By Paul Hammel
LINCOLN — Here’s a record Nebraska leaders didn’t want to set: a new high for prison overcrowding.
On Monday, state prisons held 5,515 inmates, the most in history and a surprising landmark in light of several efforts to reduce overcrowding.
“I hope it’s an anomaly,” State Corrections Director Scott Frakes told a panel of state lawmakers.
It means that state prisons are holding 2,140 more inmates than they were designed to handle — about two prisons’ worth — and are at 163 percent of capacity, the second-worst overcrowding in the nation. It also casts even more doubt on whether the state can fend off a civil rights lawsuit from the ACLU of Nebraska and meet a July 2020 deadline to reduce overcrowding to 140 percent of capacity or else start paroling hundreds of prisoners.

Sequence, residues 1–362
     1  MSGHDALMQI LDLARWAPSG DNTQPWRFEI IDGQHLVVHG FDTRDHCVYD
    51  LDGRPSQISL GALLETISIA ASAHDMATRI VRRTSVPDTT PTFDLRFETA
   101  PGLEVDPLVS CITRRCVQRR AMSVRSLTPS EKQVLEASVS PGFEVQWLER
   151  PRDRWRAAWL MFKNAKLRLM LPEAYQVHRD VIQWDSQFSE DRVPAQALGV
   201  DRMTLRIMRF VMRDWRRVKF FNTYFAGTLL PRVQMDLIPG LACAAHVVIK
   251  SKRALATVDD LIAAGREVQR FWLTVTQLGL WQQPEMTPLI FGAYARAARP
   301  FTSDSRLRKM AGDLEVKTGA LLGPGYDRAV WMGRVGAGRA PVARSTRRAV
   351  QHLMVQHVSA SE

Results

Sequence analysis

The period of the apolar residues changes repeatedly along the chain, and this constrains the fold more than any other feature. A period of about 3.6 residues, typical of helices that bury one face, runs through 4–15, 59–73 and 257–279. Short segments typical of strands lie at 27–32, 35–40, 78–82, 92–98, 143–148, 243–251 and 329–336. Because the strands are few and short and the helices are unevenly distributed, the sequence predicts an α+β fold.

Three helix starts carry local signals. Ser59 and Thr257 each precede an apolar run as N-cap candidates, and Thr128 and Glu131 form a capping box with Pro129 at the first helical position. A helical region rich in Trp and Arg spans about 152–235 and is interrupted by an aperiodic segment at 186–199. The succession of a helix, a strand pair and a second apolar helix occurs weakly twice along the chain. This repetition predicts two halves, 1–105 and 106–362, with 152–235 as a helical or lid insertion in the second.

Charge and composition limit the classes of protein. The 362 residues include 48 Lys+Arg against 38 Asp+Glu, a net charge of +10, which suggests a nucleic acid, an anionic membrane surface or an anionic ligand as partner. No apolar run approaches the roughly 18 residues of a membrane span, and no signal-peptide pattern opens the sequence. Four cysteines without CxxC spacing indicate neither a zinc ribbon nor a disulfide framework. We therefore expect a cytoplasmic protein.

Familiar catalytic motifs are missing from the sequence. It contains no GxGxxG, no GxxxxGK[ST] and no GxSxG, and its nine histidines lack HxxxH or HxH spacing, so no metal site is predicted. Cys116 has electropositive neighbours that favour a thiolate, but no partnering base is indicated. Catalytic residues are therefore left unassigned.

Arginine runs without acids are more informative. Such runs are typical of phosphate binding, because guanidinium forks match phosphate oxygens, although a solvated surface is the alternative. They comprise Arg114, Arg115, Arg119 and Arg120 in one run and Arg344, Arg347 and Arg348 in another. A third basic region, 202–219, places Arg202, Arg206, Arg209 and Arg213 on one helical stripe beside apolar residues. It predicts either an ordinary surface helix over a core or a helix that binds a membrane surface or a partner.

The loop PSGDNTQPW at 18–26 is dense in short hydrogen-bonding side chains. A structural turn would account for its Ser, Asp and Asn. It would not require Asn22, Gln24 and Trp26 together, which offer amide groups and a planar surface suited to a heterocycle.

Frakes told the Legislature’s Appropriations Committee that there’s little his department can do when the number of inmates entering his prisons far exceeds those leaving on parole or upon completing criminal sentences.